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Photographing in Airports

Miami International Airport Terminal

Ahh, the joy of travel photography, who doesn’t love that? But like everything in life, all that glitters is not gold. For travel photography, you actually need to travel, and in many circumstances, air travel and lengthy waits in airports are common.

Nobody likes being stranded in a terminal for hours, or experiencing delays, missed or long connections, all of which happen pretty often. But it can be different for us, the ones who embrace photography. Instead of just sitting there doing nothing, we can have some fun doing what we enjoy the most. At least, that’s what I do – and believe me, the time goes by much quicker when you are there with your camera in hand.

New American Airlines terminal in Miami

Despite the obvious of not photographing in prohibited areas, you shouldn’t encounter any problems wandering and snapping away. I was a bit skeptical the first time, especially in the US, however, I’ve never had any issue.

Perhaps you are thinking that there are not interesting things to photograph in airports. Well, think again. These can be rather compelling places; they come in all forms, shapes and colors.

There are always appealing activities around the tarmac and you can shoot through a window. Just be on the lookout for opportunities. The image below was shoot with an iPhone. I didn’t have my camera handy that day and I was rushing to the gate; it was raining and I thought the water drops on the glass made it somehow exciting.


Watch out for unique architectural features. It could be a modern place, a recently built structure, or just a small terminal on a remote exotic destination. Walk around slowly and try to find what makes that place different, sui generis. This colorful skybridge in Miami called “Harmonic Convergence” is a good example of an art installation that is unique to the airport and can’t be found anywhere else. When you spot a space like this, take your time, try different angles, and if necessary wait for the right moment to happen.

Person rushing out in airport

Massive glass walls are most likely to be present in contemporary terminal halls and waiting areas. These are wonderful to work with and you stand a chance of getting great photos. Just meter the light to get a good exposure of the exterior during daytime and the interior will be probably e dark or underexposed. This juxtaposition creates a great contrast; it is then possible to play with forms and figures of people standing or walking by. Silhouettes against a brighter background are always fascinating.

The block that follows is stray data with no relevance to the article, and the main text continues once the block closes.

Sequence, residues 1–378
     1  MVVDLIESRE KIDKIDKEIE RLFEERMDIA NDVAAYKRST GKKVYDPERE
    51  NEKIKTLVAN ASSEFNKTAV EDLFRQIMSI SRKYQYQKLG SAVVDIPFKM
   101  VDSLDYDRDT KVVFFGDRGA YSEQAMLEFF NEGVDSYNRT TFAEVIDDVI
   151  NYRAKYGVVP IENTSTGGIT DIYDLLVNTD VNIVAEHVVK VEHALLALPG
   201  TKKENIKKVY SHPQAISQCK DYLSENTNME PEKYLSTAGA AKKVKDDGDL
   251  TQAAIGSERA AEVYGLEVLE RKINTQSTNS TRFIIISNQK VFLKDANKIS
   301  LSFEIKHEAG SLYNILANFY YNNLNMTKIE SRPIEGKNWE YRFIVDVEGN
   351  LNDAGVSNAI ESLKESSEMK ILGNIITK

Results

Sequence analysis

You can also think of hallways, food courts, waiting areas and shopping areas. You can really do a lot and it will be much better than just sitting there doing nothing and getting bored. After all, you’ll be fastened to your flight seat for some hours, so what better way to kill the painful wait by just having some fun photographing the airport?

There you have it – next time you need to spend some time at the airport, just pull out the camera and fire away. It will be fun, I promise.

Editor’s note and disclaimer: the suggestions made in this article are by the author and you need to be aware of the legalities and possible issues of taking photos in an airport, as different rules may apply in different countries. It is not a public place so you do not automatically have blanket approval to take any person’s photo. You could possibly be asked to stop, have your camera seized or be restricted from getting on your flight. Practice with extreme caution. dPS is not responsible for any damages resulting from following these tips.

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Daniel Korzeniewski
Daniel Korzeniewski

is a Miami-based, travel photographer. His work has appeared in several publications and he contributes to various stock photography outlets. You can find out more about his work, travel adventures, or join him on one of his upcoming photography tours (to Morocco, India, or Myanmar). You can also follow him on Instagram.

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